December 02, 2004

In God we trust, all others pay cash

This snippet of an email that Jonah posted in the Corner reminded me of a conversation at the family "Thanksgiving two days late" feast concerning the Epsicopal hierarchy appointing an active homosexual as bishop. My wife's sister-in-law mentioned that her mother's church had left the Episcopalian diocese and become part of the worldwide Anglican church. Of course, this led to the endless discussion about what minister was gay, what bishop had been gay, etcetera. Since I preferred peace at this time, I bit my tongue. However, I really wanted to make some points and ask some questions, much like I did to my in-laws. Blank looks don't make my day, though, which is why I held my tongue. Anyway, here's some of what I wanted to say:

1) When someone reads scripture during an Episcopal service, the officiant and congregation say "the word of God". If you really believe that, why are you rewarding someone who actively flouts that Word? If not, why bother with the pretense?

2) If a heterosexual minister had left his wife and was shacking up with a 20 year old, including an active sex life, would the Episcopal Church nominate that person to be a Bishop in the church? If not, why not? If so, how can you claim that the Church is there to provide spiritual and moral guidance when the leaders exhibit neither of those qualities? See question #1.

Anyway, I remember a conversation with my father-in-law where he mentioned that the church needed to work on topics that had some relevance to him. I called this boutique Christianity, where you pick and choose what you like and ignore the rest. Jonah received an email from a minister wherein he describes this particular folly:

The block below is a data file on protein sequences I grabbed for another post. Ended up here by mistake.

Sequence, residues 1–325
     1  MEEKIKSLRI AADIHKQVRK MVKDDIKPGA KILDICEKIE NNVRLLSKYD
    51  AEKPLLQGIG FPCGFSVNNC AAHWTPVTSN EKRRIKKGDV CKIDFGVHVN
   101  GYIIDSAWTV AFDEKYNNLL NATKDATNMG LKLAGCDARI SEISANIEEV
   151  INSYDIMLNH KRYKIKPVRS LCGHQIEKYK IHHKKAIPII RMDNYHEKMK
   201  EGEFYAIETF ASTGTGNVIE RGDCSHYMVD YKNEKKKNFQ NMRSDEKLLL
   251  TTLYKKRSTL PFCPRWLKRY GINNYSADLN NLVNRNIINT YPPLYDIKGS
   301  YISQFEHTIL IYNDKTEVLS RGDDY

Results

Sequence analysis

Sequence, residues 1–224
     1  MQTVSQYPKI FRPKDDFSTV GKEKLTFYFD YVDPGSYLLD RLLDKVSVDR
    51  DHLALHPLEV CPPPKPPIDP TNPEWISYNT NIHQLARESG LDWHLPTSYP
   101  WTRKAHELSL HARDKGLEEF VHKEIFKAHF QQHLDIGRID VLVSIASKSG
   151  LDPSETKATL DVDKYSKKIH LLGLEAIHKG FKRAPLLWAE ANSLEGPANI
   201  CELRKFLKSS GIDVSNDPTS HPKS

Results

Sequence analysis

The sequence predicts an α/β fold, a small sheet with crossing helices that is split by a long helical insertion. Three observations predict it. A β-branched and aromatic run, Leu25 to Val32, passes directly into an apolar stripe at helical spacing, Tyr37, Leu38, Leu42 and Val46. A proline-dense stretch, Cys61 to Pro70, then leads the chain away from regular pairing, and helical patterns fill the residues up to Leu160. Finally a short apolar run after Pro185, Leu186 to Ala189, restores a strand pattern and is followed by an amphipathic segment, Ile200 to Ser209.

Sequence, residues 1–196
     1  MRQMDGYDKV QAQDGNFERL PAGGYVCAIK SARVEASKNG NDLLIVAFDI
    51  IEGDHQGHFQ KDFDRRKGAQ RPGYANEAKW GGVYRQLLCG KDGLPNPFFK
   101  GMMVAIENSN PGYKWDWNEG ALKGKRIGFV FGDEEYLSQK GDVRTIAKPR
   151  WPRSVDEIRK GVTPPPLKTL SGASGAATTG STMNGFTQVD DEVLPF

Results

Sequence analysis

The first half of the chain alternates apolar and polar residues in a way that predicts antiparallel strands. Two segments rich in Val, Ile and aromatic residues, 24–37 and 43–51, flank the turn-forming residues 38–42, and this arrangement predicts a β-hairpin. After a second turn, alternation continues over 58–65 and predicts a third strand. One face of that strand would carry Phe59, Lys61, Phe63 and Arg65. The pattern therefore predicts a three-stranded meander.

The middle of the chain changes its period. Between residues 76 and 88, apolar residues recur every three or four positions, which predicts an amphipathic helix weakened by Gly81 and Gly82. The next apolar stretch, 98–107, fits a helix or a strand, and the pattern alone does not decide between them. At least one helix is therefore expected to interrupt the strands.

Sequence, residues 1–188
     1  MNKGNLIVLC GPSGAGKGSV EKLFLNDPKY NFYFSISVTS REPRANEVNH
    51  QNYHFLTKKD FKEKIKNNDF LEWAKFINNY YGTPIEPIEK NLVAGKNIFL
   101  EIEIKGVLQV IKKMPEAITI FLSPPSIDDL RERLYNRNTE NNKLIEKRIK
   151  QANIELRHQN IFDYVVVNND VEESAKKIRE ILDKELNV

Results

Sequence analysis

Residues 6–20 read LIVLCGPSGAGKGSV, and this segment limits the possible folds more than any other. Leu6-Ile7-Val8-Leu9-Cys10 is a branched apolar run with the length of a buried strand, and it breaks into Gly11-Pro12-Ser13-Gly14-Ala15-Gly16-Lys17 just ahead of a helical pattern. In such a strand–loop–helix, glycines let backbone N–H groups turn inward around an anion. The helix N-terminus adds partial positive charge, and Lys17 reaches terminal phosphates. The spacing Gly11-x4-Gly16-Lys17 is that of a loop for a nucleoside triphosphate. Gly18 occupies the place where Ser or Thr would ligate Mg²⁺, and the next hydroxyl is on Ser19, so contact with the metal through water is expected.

I appreciated your abbreviated g-file on belief in God. I am a minister, so it is my business to ask people (although not necessarily public figures like you) what they think about God, beyond what they practice. In my case, however, most people don't think I am being rude, they just think I am doing my job. I do believe that there is an unhealthy interest in what people believe, especially when you are in no position to enter into an ongoing conversation on the topic.

Now, to Sheilaism. Your disgust at people picking their favorite items off salad bar of religious belief is right-on. It is really a way of saying, "I only believe in anything, but I do pick and choose the best of everything to create a religion that fits my lifestyle." Last time I checked, any faithful religious observance (no matter the religion or tradition) shapes one's life, not the other way around. You are not the first to dislike or observe this phenomenon. Robert Bellah in Habits of the Heart written in the 1980's interviewed a woman who described her religion as "Sheilaism," which was a smattering of all the things that she thought were most true and fit her own outlook.

I thought that you might like to know the technical term and where it came from.


Posted by Physics Geek at December 2, 2004 09:10 PM StumbleUpon Toolbar Stumble It!